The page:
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Why it Pays to be Proactive

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Jonathan J. David
go60.us Legal Ease Column
August 2012

Dear Jonathan:

My widowed father passed away recently and he named me as the executor of his will and the successor trustee of his trust. He prepared his trust a few years ago, at my urging, for the specific purpose of making sure his assets would not have to be probated at his death. To my great disappointment, I can't find any evidence that any of his assets were transferred to his trust. He has a house, bank and investment accounts, certificates of deposit, as well as stocks in various companies. In going through his papers, I did come across a document entitled "General Assignment" where he states that all of his assets are assigned to his trust as of the date he signed it. This assignment also specifically references the types of assets that are being assigned to his trust, i.e., real estate, bank accounts, certificates of deposit, personal property, etc. Can I use this document to avoid having to probate his estate?

Jonathan Says:

Unfortunately, for the most part, no. It should work for transferring your father's personal property and any untitled assets to his trust. You might even be lucky enough to find a bank who will accept this assignment for the purpose of retitling his bank accounts in the name of his trust, although that is unlikely to happen. It absolutely will not work for the real estate, investment accounts, stocks and certificates of deposit. Those assets will need to be probated, which of course defeats the purpose of why your father set up the trust in the first place.

As a matter of course, I always caution clients who prepare trusts for probate avoidance that in order to actually have their assets avoid probate, they have to physically retitle those assets in the name of the trust.

Dear Jonathan:

A few years back I named my son as my power of attorney on both my financial and health care durable power of attorneys. Fortunately, I have not had any health issues, so he has not had to act on my behalf under the health care durable power of attorney. I have, however, had him use my financial durable power of attorney on occasion when I was out of town. Unfortunately, my son is going through some tough times right now and I don't want him acting as my power of attorney anymore. Specifically, he has a problem with alcohol and drug abuse, as well as a gambling problem. Can I just tell him I don't want him to act anymore and that my daughter, who is the back up agent on both documents, will be acting on my behalf going forward?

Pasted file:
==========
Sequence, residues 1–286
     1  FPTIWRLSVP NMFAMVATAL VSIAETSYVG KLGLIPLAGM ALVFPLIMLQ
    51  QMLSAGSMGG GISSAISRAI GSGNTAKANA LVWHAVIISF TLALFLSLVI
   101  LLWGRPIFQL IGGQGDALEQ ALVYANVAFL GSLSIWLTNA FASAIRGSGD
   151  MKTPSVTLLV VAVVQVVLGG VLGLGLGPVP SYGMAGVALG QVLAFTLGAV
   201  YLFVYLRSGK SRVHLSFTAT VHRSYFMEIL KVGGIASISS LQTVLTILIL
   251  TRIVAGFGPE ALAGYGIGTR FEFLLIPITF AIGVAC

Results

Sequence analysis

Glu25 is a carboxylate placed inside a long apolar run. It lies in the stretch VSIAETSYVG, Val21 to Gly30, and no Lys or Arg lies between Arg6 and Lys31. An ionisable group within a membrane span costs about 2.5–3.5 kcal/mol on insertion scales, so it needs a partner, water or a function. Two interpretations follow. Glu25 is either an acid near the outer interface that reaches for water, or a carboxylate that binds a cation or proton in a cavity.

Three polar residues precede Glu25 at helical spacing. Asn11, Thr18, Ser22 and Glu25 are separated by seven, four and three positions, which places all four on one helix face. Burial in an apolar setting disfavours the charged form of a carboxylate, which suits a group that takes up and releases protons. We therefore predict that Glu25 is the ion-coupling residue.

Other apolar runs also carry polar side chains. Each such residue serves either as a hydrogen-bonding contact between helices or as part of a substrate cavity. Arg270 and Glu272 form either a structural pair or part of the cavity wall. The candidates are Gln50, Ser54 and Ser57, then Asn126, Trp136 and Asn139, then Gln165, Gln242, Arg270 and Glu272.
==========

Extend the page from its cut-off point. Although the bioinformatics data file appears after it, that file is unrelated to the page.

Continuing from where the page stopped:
Jonathan Says:

You should prepare new financial and health care durable power of attorneys naming your daughter as your agent and in those documents you will want to specifically state that you are revoking the current financial and health care durable power of attorneys, which named your son as your primary agent. In addition to that, you should notify your son that you have revoked those power of attorneys naming him as your agent and ask him to return to you all copies he has of those documents in his possession. There is no guaranty, of course, that he will give you all the copies, but you should request him to do so anyway.

Further, you should contact all of your banking institutions, as well as your physicians, for the purpose of advising them that you have revoked those durable power of attorneys and then provide them with copies of the new ones for their records. Unfortunately, this is not a fool-proof method to protect you because if your son retains a copy of the old financial durable power of attorney, he could approach a teller at your bank who does not know you and does not realize that the power of attorney he is attempting to act under has been revoked by you. However, following these steps should go a long way in protecting you from any misuse by your son of those power of attorneys and hopefully he will honor and respect your decision to remove him as your agent in those documents. Good luck.

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